He said that while smaller drug busts in passenger vehicles are more common, large-scale confiscations like that which occurred on the 25th also happen relatively frequently. Read the rest of this entry »
It involves a critical moment in sports history in New York in 1969. Only fairly dedicated baseball fans, or those familiar with the history of New York, would ever make the connection. it’s unimportant to the story, except as a background detail. But it’s the kind of clue that’s meant to reward an observant viewer, like Walter Dellinger, who sees a link between the New York Mets and Don Draper‘s future.
Season 7, Episode 4, ‘The Monolith’
“..the metaphor for his (coming) revival is not the new computer, but the 1969 New York Mets. At his lowest point, Don finds a discarded Mets banner under his file cabinet. He drops in the waste basket. But the next time we see Don, he has retrieved the classic orange banner and hung it on the wall.
When he awakes from a drunken stupor, he sees it from upside down and stares at it. And he calls Freddy to take the day off (from doing no work, anyway) to see a Mets game.
And so all you Don Draper fans who don’t follow baseball need to know that there is indeed hope for Don this season, at least if this deliberate invocation of the Mets has any meaning (and what on this show doesn’t?). The New York Mets were relatively new to baseball and in their eighth season in 1969. They had never had a winning season, and were at that point a metaphor for futility. But in that year they became the “Miracle Mets” winning 100 games and upsetting the great Baltimore Orioles team to win the World Series…”
If Dellinger is right, and Don Draper’s fortunes are finally about to turn, it couldn’t come a moment too soon. After a nearly unbearable string of misfortunes, a downward spiral lasting throughout season 6, unwinding into season 7, Don self-destructive personality has worn out its welcome, for his partners and coworkers, but also for the viewers. I wonder how many of Mad Men’s original fans are still along for the ride. Read the rest of this entry »
WAM TOKYO, 5th May, 2014 (WAM) — A strong earthquake with a preliminary magnitude of 6.0 on the Richter scale struck Tokyo on Monday, the Japan Meteorological Agency said. No tsunami warning was issued for the 5:18 a.m. (2018 GMT Sunday) quake, the agency said.
According to the Kuwait News Agency, KUNA, at least 17 people were injured in Tokyo and its neighbouring prefectures, according to police and fire-fighters. There was no impact on nuclear power plants in the region, operators said. All subway systems in Tokyo and some train services linking central Tokyo and other cities were temporarily suspended after the quake, but resumed later.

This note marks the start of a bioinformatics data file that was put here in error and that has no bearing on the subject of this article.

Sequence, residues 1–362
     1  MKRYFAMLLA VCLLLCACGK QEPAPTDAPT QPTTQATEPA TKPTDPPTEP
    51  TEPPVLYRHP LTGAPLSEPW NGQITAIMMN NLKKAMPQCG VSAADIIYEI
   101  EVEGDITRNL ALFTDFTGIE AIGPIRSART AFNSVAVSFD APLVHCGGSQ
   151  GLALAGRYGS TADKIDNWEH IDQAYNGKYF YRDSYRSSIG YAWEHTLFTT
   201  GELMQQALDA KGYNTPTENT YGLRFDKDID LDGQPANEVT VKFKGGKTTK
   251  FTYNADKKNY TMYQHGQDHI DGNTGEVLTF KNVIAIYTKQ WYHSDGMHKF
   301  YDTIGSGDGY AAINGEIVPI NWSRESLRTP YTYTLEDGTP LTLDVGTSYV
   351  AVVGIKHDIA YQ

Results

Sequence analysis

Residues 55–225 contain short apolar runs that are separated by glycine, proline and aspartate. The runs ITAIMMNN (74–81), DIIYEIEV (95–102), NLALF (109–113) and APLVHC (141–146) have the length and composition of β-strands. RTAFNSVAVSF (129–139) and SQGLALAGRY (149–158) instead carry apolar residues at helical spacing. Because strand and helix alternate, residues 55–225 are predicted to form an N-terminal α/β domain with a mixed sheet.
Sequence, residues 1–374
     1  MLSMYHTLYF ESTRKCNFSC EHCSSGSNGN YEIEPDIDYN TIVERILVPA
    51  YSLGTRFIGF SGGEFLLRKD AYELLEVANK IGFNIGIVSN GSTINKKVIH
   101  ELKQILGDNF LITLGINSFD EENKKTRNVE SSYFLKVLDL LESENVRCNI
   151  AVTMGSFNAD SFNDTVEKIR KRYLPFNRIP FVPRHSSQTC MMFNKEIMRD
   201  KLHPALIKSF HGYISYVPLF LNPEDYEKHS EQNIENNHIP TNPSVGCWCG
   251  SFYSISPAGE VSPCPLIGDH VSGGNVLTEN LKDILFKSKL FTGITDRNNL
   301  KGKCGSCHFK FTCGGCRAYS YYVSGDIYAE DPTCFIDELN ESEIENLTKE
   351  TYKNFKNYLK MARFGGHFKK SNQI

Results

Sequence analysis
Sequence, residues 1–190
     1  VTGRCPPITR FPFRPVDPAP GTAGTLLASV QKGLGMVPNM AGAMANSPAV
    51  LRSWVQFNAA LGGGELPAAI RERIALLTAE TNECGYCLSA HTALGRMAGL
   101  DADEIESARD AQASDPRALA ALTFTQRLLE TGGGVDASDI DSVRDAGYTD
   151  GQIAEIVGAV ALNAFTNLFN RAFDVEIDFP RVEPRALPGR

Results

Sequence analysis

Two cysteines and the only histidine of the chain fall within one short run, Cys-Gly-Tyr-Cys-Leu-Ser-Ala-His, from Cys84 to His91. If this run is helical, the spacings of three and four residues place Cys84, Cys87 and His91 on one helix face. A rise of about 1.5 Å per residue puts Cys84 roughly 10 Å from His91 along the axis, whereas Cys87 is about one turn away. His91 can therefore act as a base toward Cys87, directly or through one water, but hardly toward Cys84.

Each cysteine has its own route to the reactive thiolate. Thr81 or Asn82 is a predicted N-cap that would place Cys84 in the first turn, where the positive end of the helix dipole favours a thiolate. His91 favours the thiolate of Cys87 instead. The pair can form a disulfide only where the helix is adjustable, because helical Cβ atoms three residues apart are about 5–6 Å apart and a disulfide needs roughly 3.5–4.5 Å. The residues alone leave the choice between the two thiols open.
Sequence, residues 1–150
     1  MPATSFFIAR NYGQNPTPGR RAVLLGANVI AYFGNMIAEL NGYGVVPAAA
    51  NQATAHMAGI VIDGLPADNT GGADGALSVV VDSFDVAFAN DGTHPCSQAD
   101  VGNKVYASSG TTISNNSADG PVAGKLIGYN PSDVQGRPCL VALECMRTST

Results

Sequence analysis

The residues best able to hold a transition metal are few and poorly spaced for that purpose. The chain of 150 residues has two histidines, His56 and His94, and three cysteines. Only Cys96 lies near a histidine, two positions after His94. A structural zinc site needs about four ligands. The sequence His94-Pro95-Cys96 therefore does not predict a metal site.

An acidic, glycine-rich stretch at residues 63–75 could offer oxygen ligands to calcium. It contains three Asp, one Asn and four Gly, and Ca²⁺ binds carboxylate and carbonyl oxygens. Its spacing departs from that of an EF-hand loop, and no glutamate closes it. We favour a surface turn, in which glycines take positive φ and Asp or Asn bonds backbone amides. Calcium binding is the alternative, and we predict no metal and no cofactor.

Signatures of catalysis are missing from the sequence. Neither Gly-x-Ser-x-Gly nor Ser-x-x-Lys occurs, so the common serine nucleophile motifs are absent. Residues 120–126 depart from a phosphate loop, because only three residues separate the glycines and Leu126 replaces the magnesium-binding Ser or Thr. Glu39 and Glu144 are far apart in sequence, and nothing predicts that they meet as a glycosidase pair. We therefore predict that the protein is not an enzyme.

The focus of the tremor was 162 km underground near Izu Oshima Island in the Pacific Ocean, about 120 km south of Tokyo, the Japan Meteorological Agency was quoted as saying. Read the rest of this entry »
Twice in late April, People’s Daily railed against the incorporation of acronyms and English words in written Chinese. “How much have foreign languages damaged the purity and vitality of the Chinese language?” the Communist Party’s flagship publication asked as it complained of the “zero-translation phenomenon.”
“Since the reform and opening up, many people have blindly worshipped the West, casually using foreign words as a way of showing off their knowledge and intellect. This also exacerbated the proliferation of foreign words.”
— Xia Jixuan, Ministry of Education
So if you write in the world’s most exquisite language—in my opinion, anyway—don’t even think of jotting down “WiFi,” “MBA,” or “VIP.” If you’re a fan of Apple products, please do not use “iPhone” or “iPad.” And never ever scribble “PM2.5,” a scientific term that has become popular in China due to the air pollution crisis, or “e-mail.”
“How much have foreign languages damaged the purity and vitality of the Chinese language?”
— The People’s Daily
China’s communist culture caretakers are cheesed, perhaps by the unfairness of the situation. They note that when English absorbs Chinese words, such as “kung fu,” the terms are romanized. When China copies English terms, however, they are often adopted without change, dropped into Chinese text as is…
“The use of imported words is becoming more widespread every day. It’s become so serious that the foreign words are even showing up in regular publications and formal documents, giving rise to resentment among the public.”
..In 2012, the Chinese government established a linguistics committee to standardize foreign words. In 2013, it published the first ten approved Chinese translations for terms such as WTO, AIDS, and GDP, ordering all media to use them. A second and third series of approved terms are expected this year. How French.
There is a bit of obtuseness in all these elaborate efforts. Read the rest of this entry »